To the Editor:

President Trump promised that he personally would act to lower drug prices. We hear that he found some time from golfing to actually talk to the drug companies. Of course you have noticed those instant price reductions, right?

A cancer drug, Revlimid, is taken daily and the price just went up to $695.48 per capsule or $20,864.40/month. We are so lucky to hear that this drug manufacturer has promised Trump to raise prices only once a year. Lucky us. The price for a sleeping drug, Zolpimist, was $40 for 30 doses. Now it is $329.50 — an increase of 700 percent this year. Way to go Trump. As you may know diabetes is on the rise for a variety of reasons. One type of insulin, Humolog, has been around for at least 40 years. In 1996, the price of a 10ml bottle of Humolog was $24. Today the price of that same Insulin bottle is over $300. Needles and syringes are not included in this price.

Folks, this is the same insulin and the same bottle — nothing has changed except the extreme price increases and the greediness of Big Pharma. In the first 10 days of July, 10 pharmacy houses have increased the prices of at least 20 brand name drugs. The drug prices for some cancer, diabetes, multiple sclerosis, and liver diseases were up almost 10 percent this year. Trump and the do-nothing Congress have done exactly that: Nothing.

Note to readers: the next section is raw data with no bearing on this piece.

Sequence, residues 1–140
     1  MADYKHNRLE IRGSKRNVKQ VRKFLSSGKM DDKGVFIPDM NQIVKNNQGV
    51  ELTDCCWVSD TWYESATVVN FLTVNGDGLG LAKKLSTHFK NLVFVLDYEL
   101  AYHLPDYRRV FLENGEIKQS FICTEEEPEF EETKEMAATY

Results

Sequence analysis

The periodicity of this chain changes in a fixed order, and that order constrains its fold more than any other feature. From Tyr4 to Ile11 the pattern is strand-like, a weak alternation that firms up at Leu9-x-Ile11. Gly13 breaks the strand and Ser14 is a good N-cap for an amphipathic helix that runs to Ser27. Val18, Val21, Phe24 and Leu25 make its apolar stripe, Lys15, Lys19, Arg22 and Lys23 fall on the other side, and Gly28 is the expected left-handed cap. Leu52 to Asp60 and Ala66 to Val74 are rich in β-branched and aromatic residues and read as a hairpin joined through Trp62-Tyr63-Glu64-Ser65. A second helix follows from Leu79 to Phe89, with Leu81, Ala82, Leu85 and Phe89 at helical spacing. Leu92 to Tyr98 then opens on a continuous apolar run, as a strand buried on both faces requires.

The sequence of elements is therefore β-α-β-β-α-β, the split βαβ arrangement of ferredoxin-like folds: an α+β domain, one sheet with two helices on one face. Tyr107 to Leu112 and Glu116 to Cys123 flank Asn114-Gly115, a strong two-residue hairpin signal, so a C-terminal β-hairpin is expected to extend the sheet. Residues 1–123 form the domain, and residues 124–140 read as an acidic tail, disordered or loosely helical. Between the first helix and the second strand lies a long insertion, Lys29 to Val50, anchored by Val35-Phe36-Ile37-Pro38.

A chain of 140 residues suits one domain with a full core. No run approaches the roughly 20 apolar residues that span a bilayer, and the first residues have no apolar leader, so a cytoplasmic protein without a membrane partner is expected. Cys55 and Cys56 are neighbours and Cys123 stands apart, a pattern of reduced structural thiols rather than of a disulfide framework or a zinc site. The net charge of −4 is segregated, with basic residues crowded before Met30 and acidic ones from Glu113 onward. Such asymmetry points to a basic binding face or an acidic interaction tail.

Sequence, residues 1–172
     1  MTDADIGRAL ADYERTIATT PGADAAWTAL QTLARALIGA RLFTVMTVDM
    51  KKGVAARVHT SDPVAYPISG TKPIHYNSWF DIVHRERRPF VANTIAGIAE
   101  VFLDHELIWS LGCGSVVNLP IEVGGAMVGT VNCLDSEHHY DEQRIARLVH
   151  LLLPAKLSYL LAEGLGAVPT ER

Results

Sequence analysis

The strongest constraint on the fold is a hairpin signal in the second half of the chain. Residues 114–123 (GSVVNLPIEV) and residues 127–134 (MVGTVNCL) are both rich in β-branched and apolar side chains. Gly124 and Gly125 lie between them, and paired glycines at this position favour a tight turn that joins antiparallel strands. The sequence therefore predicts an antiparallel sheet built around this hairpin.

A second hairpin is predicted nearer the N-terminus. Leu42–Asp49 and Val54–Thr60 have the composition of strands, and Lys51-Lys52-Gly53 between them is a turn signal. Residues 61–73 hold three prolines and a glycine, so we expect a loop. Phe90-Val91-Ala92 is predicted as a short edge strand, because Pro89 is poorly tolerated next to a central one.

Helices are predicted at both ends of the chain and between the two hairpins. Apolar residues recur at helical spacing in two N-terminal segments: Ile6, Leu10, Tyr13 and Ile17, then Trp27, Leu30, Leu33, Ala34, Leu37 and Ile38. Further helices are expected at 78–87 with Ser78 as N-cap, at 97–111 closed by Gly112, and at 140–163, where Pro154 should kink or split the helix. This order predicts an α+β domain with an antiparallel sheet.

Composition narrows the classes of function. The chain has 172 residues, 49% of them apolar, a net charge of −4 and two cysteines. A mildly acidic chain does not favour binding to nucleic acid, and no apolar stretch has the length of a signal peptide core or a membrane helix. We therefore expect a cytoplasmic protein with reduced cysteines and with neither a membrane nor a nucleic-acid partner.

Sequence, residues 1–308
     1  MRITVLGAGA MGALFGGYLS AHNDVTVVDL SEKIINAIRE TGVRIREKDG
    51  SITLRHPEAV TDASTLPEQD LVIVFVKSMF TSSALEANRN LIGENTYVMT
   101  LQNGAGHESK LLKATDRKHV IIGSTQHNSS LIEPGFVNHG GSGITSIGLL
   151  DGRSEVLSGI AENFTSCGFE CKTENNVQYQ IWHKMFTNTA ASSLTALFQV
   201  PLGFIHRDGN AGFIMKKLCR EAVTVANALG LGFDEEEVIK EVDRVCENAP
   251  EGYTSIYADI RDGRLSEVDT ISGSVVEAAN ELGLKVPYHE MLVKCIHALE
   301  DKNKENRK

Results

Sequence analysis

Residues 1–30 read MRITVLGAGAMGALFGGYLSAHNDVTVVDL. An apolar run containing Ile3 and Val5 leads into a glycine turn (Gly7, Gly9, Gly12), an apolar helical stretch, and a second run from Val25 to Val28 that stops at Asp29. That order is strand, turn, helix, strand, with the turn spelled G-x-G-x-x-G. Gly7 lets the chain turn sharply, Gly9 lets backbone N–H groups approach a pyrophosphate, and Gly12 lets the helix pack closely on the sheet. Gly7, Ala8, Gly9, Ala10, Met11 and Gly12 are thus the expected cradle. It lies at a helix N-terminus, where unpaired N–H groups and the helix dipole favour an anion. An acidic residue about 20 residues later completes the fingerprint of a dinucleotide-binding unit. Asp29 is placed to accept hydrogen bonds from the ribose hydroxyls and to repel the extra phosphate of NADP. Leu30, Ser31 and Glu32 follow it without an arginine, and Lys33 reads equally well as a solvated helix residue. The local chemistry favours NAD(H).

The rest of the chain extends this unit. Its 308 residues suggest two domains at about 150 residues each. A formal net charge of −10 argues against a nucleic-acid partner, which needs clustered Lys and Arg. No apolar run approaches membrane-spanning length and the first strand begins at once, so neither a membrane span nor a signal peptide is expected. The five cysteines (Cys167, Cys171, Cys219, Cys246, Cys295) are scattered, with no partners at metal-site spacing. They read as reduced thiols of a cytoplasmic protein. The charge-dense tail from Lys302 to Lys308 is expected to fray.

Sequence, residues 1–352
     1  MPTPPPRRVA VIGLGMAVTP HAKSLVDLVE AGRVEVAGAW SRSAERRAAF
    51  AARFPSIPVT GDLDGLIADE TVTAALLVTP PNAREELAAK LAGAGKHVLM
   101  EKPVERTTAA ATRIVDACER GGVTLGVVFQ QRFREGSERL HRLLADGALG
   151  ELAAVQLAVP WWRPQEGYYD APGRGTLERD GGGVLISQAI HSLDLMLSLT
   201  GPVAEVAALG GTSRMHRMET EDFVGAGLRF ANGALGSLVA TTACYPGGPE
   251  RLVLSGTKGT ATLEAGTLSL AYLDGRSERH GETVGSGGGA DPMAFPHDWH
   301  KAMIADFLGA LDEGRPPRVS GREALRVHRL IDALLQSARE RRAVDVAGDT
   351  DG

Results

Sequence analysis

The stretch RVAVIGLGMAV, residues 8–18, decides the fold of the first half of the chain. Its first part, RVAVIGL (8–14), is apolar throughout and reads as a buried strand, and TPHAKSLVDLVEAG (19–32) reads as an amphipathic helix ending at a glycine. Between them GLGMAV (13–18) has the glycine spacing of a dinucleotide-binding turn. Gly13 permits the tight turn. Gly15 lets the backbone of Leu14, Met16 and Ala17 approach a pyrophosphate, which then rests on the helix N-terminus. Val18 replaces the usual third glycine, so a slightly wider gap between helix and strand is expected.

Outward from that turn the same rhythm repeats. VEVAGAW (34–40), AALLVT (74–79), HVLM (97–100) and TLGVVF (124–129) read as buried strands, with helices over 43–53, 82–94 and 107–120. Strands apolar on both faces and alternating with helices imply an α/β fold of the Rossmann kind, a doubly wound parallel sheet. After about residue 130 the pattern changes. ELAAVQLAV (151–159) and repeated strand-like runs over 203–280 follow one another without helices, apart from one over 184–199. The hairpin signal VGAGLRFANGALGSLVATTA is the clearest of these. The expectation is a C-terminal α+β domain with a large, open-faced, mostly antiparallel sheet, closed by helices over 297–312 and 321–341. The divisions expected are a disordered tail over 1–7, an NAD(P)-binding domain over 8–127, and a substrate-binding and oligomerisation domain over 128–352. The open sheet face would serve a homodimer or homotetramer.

Randy Broussard


(1) comment


Don't expect prescription prices to go down. The multinational drug manufacturing cartel has a strangle hold on all politicians, including but not limited to the executive branch, congress, and the judiciary. They have an obscene financial relationship with the FDA and the ability to illegitimately influence the actions of other regulatory agencies. This is all done with one thing - money. The cartel manages to rob U.S. consumers and then invest a small portion of their haul in political influence. In addition they "buy" doctors and educators and subvert the attention of critics. This is not the case in other "developed" countries, and until the U.S. citizenry accepts that universal single payer healthcare is the only answer to high medical costs, the future looks bleak.

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